Nintendo Unveils Wii U As Sector Eyes Tablets
Nintendo has officially unveiled its new Wii U gaming console as the video-gaming company and its rivals turn to multi-screen, tablet-style technology in an attempt to revive the industry.
The Japanese games-maker pledged to "revolutionise" family living rooms with its first follow-up to the hugely popular Wii in six years.
The new device, which will go on sale in time for Christmas, comes with two 'Game Pad' touch-screen controllers that interact with televisions and are designed to look and function like tablets.
Each 6.2in touchscreen controller will have a headphone jack, a camera in the front allowing for video chat, a microphone, motion gaming capabilities and trigger buttons on the back for shooter games.
The device will also include a social gaming network dubbed "Miiverse" and, for the first time in 16 years, come with a dedicated Super Mario game title.
The unveiling of the Nintendo's new games console came at this year's E3 entertainment conference in Los Angeles.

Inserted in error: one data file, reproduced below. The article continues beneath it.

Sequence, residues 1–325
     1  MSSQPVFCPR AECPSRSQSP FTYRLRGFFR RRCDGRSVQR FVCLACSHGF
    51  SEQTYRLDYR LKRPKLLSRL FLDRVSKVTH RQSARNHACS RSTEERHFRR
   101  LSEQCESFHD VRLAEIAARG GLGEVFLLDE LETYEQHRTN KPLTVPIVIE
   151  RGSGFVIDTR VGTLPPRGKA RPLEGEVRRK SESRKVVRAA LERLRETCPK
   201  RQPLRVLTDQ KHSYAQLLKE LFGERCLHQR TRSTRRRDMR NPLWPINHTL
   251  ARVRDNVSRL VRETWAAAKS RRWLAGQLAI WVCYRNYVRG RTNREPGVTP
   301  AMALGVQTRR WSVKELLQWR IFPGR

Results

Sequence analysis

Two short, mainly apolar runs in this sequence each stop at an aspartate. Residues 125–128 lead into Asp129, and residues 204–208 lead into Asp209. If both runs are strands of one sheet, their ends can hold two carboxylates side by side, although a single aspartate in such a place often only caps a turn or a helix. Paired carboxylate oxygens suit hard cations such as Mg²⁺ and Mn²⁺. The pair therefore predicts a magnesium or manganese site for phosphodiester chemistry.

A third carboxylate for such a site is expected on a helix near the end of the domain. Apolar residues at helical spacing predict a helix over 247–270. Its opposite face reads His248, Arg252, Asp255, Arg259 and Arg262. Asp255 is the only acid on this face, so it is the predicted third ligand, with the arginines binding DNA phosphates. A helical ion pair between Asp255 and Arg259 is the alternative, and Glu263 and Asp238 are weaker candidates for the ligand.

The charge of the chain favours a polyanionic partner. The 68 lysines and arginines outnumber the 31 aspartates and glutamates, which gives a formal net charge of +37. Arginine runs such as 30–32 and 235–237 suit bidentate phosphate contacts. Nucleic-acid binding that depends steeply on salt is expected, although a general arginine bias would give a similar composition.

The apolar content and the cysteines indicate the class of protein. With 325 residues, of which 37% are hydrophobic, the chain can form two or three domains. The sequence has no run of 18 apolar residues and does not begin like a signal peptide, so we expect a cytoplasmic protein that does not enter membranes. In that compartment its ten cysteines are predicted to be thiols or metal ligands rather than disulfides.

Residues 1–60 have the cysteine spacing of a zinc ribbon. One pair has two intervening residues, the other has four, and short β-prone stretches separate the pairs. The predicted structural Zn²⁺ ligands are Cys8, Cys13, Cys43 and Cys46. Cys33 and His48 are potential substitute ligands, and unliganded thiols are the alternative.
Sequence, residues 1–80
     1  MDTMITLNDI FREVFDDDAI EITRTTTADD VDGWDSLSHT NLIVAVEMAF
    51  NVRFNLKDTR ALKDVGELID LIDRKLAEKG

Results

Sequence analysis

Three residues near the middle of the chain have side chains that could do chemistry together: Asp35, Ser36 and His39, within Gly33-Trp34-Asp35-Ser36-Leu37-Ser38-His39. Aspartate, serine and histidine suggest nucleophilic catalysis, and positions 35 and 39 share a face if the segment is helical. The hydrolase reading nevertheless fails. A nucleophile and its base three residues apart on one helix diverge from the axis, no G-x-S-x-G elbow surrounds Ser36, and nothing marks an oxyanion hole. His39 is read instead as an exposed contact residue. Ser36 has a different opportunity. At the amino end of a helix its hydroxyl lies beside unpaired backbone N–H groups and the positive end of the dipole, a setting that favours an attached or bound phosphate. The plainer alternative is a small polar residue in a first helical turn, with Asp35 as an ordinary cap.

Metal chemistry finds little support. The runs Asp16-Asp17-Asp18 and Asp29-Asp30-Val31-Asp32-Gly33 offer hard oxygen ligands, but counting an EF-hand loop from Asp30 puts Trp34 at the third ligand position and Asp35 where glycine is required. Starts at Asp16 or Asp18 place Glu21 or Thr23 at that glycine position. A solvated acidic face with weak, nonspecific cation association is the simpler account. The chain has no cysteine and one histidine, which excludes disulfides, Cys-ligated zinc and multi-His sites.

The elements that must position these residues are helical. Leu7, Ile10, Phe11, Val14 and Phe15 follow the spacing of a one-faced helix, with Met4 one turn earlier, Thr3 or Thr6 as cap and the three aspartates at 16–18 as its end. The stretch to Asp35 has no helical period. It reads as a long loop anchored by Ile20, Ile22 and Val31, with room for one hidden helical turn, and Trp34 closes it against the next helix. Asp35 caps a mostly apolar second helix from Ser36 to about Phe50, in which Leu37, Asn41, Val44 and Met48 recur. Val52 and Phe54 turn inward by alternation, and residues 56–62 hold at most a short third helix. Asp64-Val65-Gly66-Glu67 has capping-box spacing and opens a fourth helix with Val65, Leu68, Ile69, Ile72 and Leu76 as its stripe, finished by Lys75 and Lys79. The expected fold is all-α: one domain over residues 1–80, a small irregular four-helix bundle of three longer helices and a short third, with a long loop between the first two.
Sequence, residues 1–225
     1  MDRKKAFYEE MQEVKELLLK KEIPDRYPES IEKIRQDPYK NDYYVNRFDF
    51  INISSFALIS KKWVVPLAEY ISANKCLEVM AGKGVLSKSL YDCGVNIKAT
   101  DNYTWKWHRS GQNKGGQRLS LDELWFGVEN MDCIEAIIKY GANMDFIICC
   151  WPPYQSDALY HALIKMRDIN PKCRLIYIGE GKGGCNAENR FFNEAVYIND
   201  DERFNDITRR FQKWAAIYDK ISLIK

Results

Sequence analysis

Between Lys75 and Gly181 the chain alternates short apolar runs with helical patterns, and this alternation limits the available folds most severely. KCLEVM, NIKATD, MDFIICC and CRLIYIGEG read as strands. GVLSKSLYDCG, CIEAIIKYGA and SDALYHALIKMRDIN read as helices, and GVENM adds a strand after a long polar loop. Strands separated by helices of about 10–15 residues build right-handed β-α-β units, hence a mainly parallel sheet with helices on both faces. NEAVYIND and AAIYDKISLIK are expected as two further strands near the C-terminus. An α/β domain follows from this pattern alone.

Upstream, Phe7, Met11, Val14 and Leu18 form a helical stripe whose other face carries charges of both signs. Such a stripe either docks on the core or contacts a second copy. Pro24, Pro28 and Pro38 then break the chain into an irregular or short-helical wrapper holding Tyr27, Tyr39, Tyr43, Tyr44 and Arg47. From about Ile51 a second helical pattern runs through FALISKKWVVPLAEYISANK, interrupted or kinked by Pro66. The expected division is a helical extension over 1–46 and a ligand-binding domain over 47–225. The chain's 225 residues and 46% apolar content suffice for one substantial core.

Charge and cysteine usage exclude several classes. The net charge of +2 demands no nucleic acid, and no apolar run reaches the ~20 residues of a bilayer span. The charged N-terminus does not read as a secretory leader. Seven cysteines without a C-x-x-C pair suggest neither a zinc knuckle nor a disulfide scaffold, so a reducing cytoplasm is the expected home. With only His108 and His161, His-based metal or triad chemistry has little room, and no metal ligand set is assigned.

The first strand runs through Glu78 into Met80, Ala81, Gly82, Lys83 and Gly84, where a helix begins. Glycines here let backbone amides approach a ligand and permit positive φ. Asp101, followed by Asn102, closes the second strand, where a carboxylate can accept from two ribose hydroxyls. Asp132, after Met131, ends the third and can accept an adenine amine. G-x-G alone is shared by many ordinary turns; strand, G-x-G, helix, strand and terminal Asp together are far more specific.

The world's biggest gaming tradeshow also saw Microsoft announce an app called Xbox SmartGlass that will allow users to stream and share content across their TVs, tablets and smartphones using the Xbox 360, and Sony reveal a second-screen function for the PlayStation Vita.
Nintendo global president Satoru Iwata said the Wii U was designed to appeal to families as well as traditional gamers, but he did not reveal how much it would cost.
The company hopes the new device will help its battle to reclaim its crown in an industry struggling to grow amid declining sales.
Nintendo has been knocked off its perch at the pinnacle of gaming hardware by Microsoft's Xbox in recent years.
Meanwhile, the traditional videogame market is fending off challenges from upstart game-makers and apps for mobile devices like Apple's iPad, currently making massive in-roads into its territory.
Sony's move towards multi-screen technology saw it unveil plans to bolster use of its Vita hand held device with PlayStation 3 consoles by introducing front and back touch screens and giving different players different perspectives in the same game.
Sony, which recently posted its fifth consecutive annual loss, also announced a tie-up with author JK Rowling through a Harry Potter inspired book game called Wonderbook: Book of Spells.
Using its Move controller as a magic wand, gamers will wave the device in prescribed patterns as if they are a Hogwarts student on their way to becoming a witch or wizard, and learn how to cast spells that make fire, unlock gates and move through new stories written by the British novelist.